Pictured above is the female and male grasshopper's reproductive system (

Like many of the other animals, grasshoppers have differing male and female reproductive systems. The male grasshoppers have testes made up of follicles that are located dorsal to the intestines, that each connect to the vas deferens (like in male pigs). The vas deferens joins the ejaculatory duct that is involved in the internal fertilization of the female’s eggs. The female grasshoppers have two ovaries made up of ovarioles that converge into a oviduct that carries the eggs to be fertilized. The grasshopper’s reproductive system is similar to that of other organisms we studied such as the pig and crayfish since it uses internal fertilization. It differs in that the female then lays its fertilized eggs below the ground using its oviposter and abdomen. Guys, check this out for more info: (

Pictured above is the reproductive system of a female frog: (

Picture above is the male frog reproductive system: ../html/reprodf.htm

Frog: Like the grasshopper and the perch, the frog uses external fertilization. The female frog lays a clutch of eggs and then the male sheds semen on top of them. The male reproductive system is made up of the following organs: The sperm is produced in the testes (similar to all of the other animals). The urethra is where the ejaculatory ducts empty and the prostate is a gland which produces milky fluid that mixes with the sperm. The penis is an organ that pushes the urine and semen the the urethra and out of the body. The parts of the female reproductive system are as follows: The vagina ia the canal that leads from the uterus to the outside of the body. The cervic is a knob of flesh with a small hole in the middle the protects the inside of the uterus. The uterus recieves eggs and supports a growing embryo's development. The fallpian tubes transport the eggs to the uterus and the ovaries produce and store the eggs.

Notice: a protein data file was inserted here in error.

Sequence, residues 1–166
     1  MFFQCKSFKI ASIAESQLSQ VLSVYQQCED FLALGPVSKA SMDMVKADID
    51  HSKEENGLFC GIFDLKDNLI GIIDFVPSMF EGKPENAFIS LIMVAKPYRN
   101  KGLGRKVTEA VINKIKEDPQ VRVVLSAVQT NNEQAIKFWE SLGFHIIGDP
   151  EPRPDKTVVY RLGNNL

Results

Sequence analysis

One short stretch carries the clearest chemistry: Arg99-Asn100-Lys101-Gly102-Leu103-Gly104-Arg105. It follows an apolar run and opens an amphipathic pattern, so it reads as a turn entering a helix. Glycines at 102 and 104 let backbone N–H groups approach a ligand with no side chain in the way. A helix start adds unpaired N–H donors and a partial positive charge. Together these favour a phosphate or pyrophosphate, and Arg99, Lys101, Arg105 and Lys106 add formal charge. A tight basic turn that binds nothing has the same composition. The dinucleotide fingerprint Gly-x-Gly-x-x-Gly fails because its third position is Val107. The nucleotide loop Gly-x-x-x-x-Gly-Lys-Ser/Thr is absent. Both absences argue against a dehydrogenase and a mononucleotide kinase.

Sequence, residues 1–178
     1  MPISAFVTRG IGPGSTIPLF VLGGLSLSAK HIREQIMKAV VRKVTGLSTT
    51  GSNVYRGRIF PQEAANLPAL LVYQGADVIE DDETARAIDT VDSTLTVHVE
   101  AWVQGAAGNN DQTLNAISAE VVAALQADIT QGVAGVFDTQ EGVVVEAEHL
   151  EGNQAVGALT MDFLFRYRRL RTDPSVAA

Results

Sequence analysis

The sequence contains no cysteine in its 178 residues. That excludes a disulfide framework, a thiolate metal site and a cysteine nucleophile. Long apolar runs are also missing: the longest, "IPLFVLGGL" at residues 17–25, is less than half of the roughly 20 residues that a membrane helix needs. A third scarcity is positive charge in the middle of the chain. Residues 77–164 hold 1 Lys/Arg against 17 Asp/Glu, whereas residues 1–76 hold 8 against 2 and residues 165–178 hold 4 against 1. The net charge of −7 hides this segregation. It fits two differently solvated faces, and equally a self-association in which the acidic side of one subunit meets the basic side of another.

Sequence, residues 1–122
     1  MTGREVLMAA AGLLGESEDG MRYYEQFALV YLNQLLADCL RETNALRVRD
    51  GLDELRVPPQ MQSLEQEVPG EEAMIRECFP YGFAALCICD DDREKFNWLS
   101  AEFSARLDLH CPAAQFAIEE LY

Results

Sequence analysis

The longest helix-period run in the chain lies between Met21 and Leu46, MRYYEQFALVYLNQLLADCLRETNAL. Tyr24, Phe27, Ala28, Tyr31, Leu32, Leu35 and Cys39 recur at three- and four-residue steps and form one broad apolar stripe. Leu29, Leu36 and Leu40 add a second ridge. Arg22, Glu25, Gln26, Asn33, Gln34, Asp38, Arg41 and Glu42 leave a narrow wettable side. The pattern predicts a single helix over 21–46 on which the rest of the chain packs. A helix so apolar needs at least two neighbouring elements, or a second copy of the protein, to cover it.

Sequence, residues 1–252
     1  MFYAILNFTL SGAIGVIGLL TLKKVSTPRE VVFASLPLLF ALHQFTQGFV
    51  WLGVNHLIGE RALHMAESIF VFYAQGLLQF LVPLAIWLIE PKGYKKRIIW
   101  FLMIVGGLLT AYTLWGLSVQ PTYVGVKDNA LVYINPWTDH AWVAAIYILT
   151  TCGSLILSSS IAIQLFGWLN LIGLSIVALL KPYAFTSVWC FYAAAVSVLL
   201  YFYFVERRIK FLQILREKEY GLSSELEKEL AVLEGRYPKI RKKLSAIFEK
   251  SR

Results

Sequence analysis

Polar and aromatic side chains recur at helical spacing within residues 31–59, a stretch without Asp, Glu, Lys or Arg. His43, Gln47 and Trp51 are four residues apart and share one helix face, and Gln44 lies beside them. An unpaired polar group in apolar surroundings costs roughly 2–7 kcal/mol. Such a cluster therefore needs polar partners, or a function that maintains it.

Pictured below are the major organs of the mussel, including the reproductive organs such as the siphons and rectum:

The siphons in a mussel have multiple purposes. On a daily basis the siphons serve to draw water in and bring it to the bronchial chamber and eventually the food substances get funneled into the mouth which marks the beginning of the digestion process. A similar process in the freshwater mussel occurs during reproductive fertilization. However, during reproduction sperm enters the female's body through the intake siphon.

Pictured above is the reproductive (and life) cycle of mussels:

Like each of the other animals studied, mussels have separate male and female reproductive systems. Similar to the perch, the male mussels release their sperm into the water, and the females must siphon the sperm to internally fertilize its eggs. The female then stores thousands of eggs on her gills for one to ten months until the larva of mussels, called glochidia, fully develop. Unlike the other animals studied, the mussel has to rely on another organism in order to undergo its full reproductive cycle. The fully developed glochidia are released into the water until they find a fish (different species of mussels use different fish) to serve as a host for up to four weeks. The glochidia attach themselves to the gills of the fish, where a cyst is formed, and the larvae are safe and able to feed without harming the fish until they are fully developed and break through the cyst and fall to the sea bottom. For more information, visit Freshwater Mussels.